Pros and Cons of Computerized Adaptive Testing

Pros and Cons of Computerized Adaptive Testing

What is Computerized Adaptive Testing (CAT)?

Let’s start by defining what Computerized Adaptive Testing (CAT) is. CAT is a form of computerized testing that adapts based on the answers provided by the test-taker. The algorithm commonly starts with a medium or medium-easy difficulty level as a first question. Based on the examinee’s first answer or first set of answers, it will then adjust the difficulty of the questions that follow.

The main purpose of CAT is to maximize the precision of the test. This method of testing also requires less testing items while at the same time having the same or better level of accuracy as traditional multiple-choice assessments.

Pros

  1. CAT is on average 50% shorter than traditional fixed versions, while at the same time maintaining a high accuracy level.
  2. Because Computerized Adaptive Testing is typically shorter, there’s a time-saving component that benefits the examinee.
  3. For the organization conducting the testing, shorter tests translate to savings in time and money by reducing seat times in half.
  4. Computerized Adaptive Testing (CAT) provides uniformly accurate scores for most test-takers.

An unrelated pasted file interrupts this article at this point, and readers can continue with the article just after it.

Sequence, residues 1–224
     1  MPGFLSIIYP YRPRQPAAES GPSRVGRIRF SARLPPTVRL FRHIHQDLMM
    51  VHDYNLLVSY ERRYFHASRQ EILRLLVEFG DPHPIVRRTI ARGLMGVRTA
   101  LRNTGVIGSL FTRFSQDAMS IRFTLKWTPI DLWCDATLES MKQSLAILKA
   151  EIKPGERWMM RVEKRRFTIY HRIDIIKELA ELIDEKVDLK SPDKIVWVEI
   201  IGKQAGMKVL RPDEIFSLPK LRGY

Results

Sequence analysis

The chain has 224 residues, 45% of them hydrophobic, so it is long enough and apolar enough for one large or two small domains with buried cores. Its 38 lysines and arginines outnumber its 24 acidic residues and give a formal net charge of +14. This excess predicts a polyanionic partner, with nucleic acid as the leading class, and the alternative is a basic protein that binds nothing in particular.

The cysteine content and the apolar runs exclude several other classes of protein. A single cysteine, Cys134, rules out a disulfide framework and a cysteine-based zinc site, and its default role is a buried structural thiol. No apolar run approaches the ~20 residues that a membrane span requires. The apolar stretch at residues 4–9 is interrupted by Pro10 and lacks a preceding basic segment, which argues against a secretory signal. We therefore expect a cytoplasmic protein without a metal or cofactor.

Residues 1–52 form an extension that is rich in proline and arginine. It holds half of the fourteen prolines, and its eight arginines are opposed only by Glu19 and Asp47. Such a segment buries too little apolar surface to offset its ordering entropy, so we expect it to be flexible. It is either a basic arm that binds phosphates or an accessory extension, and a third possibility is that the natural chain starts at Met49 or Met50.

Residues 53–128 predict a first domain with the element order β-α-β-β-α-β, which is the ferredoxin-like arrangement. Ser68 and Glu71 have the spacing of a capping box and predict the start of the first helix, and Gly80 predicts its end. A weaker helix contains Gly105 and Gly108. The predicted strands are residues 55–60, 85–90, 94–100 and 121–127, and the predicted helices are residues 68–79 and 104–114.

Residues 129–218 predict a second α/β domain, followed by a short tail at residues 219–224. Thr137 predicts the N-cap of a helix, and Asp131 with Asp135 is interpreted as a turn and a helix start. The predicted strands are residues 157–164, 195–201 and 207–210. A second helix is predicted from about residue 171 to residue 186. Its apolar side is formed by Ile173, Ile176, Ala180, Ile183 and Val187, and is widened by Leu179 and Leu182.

5. Test results are immediate.

Cons

  1. The development of Computerized Adaptive Testing (CAT) can sometimes be costly and benefits mostly industries with large populations such as companies in scientific or research-based fields.
  2. CAT does not apply to every type of situation. For example, CAT is not ideal for a small sample group or real-time items.
  3. For the algorithm to be able to select the right type of questions for the test-taker, all the questions first need to go through a “pre-testing” phase. This phase requires using a fairly large test group of up to 1,000 test-takers.
  4. In a Computerized Adaptive Test, the ability to review past items during testing is generally disabled. This is due to a vulnerability where a test-taker could purposely answer the first questions wrong to potentially receive an easier test and then go back to correct the initial answers.
  5. Another disadvantage is that some of the test items in CAT could become overexposed over time. At the same time other items may never be used at all.
To conclude, when trying to decide whether CAT is right for your organization, it is best to consider consulting with a firm that has years of experience in the field. Not only could this help you make better choices but it could also save time and money by minimizing mistakes.

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